n March 29, Marianne and Ronald Ignace appeared at the Indigenous Gathering Space at Douglas College to talk about Secwépemc—anglicized as Shuswap—land claims, tradition, and history; all presented in their new landmark book, Secwepémc People, Land, and Laws: Yerí7 Re Stsq’ey’s-kucw. Combining personal experience, academic research, and traditional knowledge, it is a landmark ethnography and one that aims to educate both Secwépemc people and the general public. The talk was a combination of slideshow, lecture, personal stories, and a question and answer period. Marianne Ignace is a professor at Simon Fraser University (SFU), working in both the Department of Linguistics and the Department of First Nations Studies. Her studies have taken her from a small community in Germany to Masset and on to Haida Gwaii, earning her Masters and later PhD on the island. She became a member of the Secwépemc nation after spending time researching with elders and archaeologists, and currently lives in Kamloops with Ronald. Ronald Ignace is a Secwepemc chief and adjunct professor with SFU. He was raised speaking Secwépemctsin by his great-grandmother, and he fled the Kamloops Indian Residential School in Grade Eight. He was eventually accepted into the University of British Columbia, where he earned his high school diploma within a year and went on to earn his Bachelors and Masters on Indigenous land claims. After earning his Masters, he was called

back by his elders to become chief of his band, a position he has held ever since. His personal experience as a leading member of the Secwépemc community contributes enormously to the book, and he shared his memories and stories readily at the talk. Their talk focused on how information for the book was collected and gathered, and how Secwépemc culture and Western academia were used in unison for a clearer and more personal picture than a traditional ethnography can provide. They discussed Secwépemc storytelling forms and focused on the Tlli7sa Epic, a story concerning the shaping of the land. This was used as an example of how geology, archaeology, traditional storytelling, and lived experiences can lead to a greater understanding of a culture—the Tlli7sa Epic was discovered to be in line with real geological changes in Secwépemc territory some 6,000 years ago. Marianne and Ronald held an open question and answer period at the end, and the questions varied from the spiritual to the historical to the scientific. Marianne’s linguistic background shone through when describing Secwépemctsin and its non-gendered, self-diminutive nature. Ronald’s twin roles as an academic and as a holder of cultural knowledge was apparent with his detailed understanding of Secwépemc religion and philosophies, from the Transformers to the concept of land. These topics and much more are available in tremendous detail in Secwépemc People, Land, and Laws: Yerí7 Re Stsq’ey’s-kucw, which is available on Amazon and through many other major retailers.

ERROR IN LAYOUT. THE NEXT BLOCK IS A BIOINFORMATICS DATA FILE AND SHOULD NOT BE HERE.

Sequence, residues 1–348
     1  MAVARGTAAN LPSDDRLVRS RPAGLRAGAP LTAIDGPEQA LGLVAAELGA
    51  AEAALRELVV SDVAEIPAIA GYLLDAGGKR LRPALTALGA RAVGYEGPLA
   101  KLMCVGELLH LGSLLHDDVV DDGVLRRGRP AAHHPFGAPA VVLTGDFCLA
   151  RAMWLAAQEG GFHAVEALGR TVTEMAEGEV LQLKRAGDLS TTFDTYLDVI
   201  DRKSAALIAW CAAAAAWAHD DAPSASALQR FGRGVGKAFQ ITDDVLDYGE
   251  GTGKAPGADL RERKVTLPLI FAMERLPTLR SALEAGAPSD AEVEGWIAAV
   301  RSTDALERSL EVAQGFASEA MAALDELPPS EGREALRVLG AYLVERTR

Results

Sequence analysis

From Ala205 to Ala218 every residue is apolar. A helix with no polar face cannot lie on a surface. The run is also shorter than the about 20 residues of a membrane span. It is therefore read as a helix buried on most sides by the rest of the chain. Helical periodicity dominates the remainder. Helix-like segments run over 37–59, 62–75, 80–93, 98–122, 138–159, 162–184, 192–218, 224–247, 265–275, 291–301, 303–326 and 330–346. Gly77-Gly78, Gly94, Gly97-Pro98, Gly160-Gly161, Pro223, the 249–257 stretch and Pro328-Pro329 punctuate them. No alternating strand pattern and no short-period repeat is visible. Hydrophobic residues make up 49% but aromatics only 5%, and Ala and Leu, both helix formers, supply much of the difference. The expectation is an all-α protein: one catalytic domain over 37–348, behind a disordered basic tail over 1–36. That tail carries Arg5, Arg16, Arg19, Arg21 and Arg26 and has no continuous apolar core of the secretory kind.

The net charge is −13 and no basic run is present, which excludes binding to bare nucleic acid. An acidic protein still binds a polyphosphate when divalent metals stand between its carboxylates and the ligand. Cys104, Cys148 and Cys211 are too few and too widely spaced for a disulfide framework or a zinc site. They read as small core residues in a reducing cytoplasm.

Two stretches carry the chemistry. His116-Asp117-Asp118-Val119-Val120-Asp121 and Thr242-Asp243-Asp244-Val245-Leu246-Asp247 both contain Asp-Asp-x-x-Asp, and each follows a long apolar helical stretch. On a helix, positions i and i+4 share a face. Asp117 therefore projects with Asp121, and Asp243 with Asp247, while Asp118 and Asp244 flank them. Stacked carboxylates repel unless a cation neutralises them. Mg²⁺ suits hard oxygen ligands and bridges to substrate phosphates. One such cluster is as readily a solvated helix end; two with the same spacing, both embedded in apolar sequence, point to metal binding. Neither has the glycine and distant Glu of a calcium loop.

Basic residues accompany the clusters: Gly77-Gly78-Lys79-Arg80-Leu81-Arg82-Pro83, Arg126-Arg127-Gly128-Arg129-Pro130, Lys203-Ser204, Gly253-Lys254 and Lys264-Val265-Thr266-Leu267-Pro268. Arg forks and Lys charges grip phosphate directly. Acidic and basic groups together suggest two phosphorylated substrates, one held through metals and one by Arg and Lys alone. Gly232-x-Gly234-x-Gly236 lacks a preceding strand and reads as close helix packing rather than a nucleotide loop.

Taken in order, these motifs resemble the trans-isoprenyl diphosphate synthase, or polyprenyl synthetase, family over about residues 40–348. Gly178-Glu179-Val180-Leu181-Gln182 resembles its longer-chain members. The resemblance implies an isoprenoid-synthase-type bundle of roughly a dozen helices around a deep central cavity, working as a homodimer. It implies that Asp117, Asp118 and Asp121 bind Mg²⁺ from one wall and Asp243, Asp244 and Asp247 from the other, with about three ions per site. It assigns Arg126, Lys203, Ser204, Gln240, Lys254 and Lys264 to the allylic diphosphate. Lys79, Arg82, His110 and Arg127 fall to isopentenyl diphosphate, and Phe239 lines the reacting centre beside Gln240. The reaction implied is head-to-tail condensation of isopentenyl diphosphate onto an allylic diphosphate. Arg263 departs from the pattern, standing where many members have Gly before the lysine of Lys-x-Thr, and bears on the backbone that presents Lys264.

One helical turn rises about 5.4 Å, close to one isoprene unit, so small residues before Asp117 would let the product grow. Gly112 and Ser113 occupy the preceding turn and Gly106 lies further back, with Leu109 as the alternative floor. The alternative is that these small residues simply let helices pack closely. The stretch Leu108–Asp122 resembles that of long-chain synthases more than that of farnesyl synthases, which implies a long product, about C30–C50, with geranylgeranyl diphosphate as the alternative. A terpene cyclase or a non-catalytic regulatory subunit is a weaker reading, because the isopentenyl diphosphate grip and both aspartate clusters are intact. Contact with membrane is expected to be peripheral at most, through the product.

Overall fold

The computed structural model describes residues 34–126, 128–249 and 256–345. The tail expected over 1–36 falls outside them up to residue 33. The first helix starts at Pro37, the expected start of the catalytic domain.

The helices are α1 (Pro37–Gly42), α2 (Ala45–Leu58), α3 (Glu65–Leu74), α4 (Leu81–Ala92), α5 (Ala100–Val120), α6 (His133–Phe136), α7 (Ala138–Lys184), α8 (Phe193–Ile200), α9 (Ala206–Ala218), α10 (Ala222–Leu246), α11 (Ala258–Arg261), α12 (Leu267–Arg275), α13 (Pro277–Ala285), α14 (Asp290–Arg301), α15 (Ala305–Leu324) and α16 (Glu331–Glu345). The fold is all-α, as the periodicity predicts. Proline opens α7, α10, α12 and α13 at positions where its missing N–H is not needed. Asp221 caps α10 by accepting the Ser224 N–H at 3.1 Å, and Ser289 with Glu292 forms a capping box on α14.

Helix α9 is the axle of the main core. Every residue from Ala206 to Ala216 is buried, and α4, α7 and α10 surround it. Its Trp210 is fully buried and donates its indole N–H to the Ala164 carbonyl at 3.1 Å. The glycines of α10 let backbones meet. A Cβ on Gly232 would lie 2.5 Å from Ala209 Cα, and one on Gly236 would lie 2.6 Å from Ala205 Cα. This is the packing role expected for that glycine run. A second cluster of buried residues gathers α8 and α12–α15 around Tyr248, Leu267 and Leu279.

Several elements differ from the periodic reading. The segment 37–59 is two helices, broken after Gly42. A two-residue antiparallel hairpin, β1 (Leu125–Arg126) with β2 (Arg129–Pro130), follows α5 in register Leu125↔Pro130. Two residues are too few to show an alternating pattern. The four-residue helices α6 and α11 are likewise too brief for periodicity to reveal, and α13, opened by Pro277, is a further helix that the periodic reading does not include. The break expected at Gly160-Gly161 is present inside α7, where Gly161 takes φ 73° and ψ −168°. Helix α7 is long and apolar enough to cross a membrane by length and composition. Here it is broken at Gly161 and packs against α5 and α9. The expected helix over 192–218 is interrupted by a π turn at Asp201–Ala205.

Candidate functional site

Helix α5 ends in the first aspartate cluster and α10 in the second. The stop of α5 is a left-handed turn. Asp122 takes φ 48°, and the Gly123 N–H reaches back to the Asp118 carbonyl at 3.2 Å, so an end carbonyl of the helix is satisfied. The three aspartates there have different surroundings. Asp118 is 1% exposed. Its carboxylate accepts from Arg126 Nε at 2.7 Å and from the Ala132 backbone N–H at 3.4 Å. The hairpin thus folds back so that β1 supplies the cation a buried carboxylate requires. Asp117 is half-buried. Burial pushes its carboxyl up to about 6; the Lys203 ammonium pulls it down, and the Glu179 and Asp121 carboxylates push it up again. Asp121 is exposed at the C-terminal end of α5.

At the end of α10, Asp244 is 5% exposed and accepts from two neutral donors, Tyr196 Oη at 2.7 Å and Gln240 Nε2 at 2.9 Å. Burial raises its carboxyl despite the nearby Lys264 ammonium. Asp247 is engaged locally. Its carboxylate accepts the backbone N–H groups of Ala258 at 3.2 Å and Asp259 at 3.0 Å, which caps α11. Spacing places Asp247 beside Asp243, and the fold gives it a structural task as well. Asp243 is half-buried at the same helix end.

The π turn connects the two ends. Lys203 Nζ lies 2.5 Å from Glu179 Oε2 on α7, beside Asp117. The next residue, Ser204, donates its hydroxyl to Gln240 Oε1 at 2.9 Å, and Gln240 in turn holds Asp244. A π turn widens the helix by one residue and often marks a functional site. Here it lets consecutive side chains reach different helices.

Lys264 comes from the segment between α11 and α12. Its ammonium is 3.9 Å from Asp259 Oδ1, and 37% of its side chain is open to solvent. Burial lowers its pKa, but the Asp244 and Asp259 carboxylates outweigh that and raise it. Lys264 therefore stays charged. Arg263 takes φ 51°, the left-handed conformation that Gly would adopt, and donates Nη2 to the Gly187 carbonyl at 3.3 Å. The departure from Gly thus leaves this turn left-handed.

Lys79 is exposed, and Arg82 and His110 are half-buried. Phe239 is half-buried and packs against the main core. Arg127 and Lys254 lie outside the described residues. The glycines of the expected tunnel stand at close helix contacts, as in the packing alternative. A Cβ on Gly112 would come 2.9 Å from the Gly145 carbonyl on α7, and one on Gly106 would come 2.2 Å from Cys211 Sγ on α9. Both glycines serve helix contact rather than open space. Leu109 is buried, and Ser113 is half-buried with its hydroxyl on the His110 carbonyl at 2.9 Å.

Combining personal experience, academic research, and traditional knowledge, it is a landmark ethnography and one that aims to educate both Secwépemc people and the general public.”

#DOUGLIFE Share your photos with us on Instagram using the hashtag #DougLife, for a chance to be featured in the paper! Photo via the ‘Vancouver Sun’

Greg Waldock Staff Writer

This week’s post is by @teegees2

Nonbinary 101 Here’s a tired phrase you’ve likely heard a thousand or more times, with varying levels of sincerity: